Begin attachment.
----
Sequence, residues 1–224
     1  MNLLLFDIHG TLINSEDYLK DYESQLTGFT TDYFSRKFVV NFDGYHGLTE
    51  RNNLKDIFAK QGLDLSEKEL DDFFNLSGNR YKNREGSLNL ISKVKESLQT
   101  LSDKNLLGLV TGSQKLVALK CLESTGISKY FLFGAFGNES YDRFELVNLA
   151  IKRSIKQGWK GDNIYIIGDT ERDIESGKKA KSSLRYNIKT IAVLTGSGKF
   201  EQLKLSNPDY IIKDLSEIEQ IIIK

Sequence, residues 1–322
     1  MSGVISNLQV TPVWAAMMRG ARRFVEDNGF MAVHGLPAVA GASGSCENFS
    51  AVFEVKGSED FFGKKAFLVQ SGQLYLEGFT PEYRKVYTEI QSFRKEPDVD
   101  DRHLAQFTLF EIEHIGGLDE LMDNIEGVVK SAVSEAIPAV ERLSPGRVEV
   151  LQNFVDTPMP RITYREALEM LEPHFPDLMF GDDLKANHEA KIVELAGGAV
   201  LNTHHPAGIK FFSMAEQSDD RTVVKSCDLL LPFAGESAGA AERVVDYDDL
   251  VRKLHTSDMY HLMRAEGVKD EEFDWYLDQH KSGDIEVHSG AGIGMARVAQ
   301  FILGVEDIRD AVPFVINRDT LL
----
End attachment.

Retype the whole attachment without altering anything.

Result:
Sequence, residues 1–224
     1  MNLLLFDIHG TLINSEDYLK DYESQLTGFT TDYFSRKFVV NFDGYHGLTE
    51  RNNLKDIFAK QGLDLSEKEL DDFFNLSGNR YKNREGSLNL ISKVKESLQT
   101  LSDKNLLGLV TGSQKLVALK CLESTGISKY FLFGAFGNES YDRFELVNLA
   151  IKRSIKQGWK GDNIYIIGDT ERDIESGKKA KSSLRYNIKT IAVLTGSGKF
   201  EQLKLSNPDY IIKDLSEIEQ IIIK

Sequence, residues 1–322
     1  MSGVISNLQV TPVWAAMMRG ARRFVEDNGF MAVHGLPAVA GASGSCENFS
    51  AVFEVKGSED FFGKKAFLVQ SGQLYLEGFT PEYRKVYTEI QSFRKEPDVD
   101  DRHLAQFTLF EIEHIGGLDE LMDNIEGVVK SAVSEAIPAV ERLSPGRVEV
   151  LQNFVDTPMP RITYREALEM LEPHFPDLMF GDDLKANHEA KIVELAGGAV
   201  LNTHHPAGIK FFSMAEQSDD RTVVKSCDLL LPFAGESAGA AERVVDYDDL
   251  VRKLHTSDMY HLMRAEGVKD EEFDWYLDQH KSGDIEVHSG AGIGMARVAQ
   301  FILGVEDIRD AVPFVINRDT LL